And once going through that exercise, you realize that: that $100K in one account isn't really worth the same as the $100K in that other account because, say, one has no accumulated CGs and the there does. Likewise, I like to keep in mind that IRA money is only accessible after a (possible large) tax bite, vs that money sitting in a CD which isn't.

Neither view is absolutely "best", but one viewpoint might make sense based on your situation.
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Old 06-11-2015, 09:30 AM   #23
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I know there is disagreement on this and CPAs might cringe at this method, but for some of us it makes perfect sense. I used to have a large potential net worth in unexercised stock options, and it was better to think of it in terms of how much it would be in post-tax dollars. From there it started making sense to think of everything in post-tax dollars.

If I convert 100K from a tIRA to a Roth and paid 20K out of pocket in fed/state taxes now rather than probably the same 20% later if I'd have taken tIRA distributions later, I really didn't change my financial state even though I now have 20K less in my account totals to show for it. I find this method is good for treating tIRA, Roth IRA, and taxable accounts with cap gains (or losses) on the same ground.

Also, while I'm mindful of managing taxes, I don't want to make choices just to limit my tax expense to some budget. I can't keep all my cap gains under the 15% bracket. If I have reason to sell something and take a large cap gain at 15% one year, I'm going to do it. Rather than have an uneven budget skewed by the occasional sale, I just keep the cap gains and conversion taxes out of my expense budget and instead treat them as a future liability on my balance sheet. I calculate my withdrawal rate on my assets minus the future tax liabilities.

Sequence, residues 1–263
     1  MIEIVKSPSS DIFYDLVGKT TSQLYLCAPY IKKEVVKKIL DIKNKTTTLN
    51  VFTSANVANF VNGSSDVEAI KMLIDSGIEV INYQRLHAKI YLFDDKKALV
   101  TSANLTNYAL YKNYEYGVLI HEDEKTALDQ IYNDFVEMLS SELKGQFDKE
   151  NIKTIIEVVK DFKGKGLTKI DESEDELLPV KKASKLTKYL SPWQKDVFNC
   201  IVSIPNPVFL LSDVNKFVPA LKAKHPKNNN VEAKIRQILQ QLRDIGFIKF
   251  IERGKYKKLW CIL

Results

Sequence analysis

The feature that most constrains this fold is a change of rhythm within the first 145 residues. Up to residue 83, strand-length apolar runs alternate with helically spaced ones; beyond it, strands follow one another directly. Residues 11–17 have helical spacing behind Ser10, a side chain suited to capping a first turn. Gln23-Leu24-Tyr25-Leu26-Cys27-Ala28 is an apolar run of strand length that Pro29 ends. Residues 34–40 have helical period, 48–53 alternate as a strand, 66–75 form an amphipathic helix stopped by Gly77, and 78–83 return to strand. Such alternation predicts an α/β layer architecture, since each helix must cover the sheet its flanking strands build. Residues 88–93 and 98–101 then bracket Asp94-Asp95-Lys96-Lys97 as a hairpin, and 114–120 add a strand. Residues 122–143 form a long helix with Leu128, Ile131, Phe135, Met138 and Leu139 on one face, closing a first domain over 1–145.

I honestly don't see how this method is inferior. I may be able to manage some of my capital gains to be taxed at 5% (state only) rather than 20%, but I view the 20% reduction as being conservative. I can't be 100% accurate on that tax liability, but neither could I be 100% accurate in budgeting the future tax as an expense either, if I treated it that way. Just because I mentally and on paper took 20% off those gains doesn't mean I won't try to do better with managing it. I mean, if I'm house shopping I may plan on 300K for a house, but if I find one that suits me well for 250K I'm not going to pass on it because it's under budget, or insist on paying 300K because that was my foregone conclusion of what I'd spend.
I don't think it is inherently inferior except to the extent that it lulls some (maybe not you) to just view the taxes as not within their control.

I had a different approach on my NQ options -- I ignored them entirely until it became time to start converting them to cash. My situation was a bit tricky because I was an insider and had limited ability to just dump them. But, when it came time to liquidate large blocks, I also transferred from our taxable account, appreciated shares equal to about 15 years of our normal charitable donations to a DAF. I was able to shift the deduction from a 15-25% rate to a 35%+ rate and drive the after-tax yield from the NQ exercise up.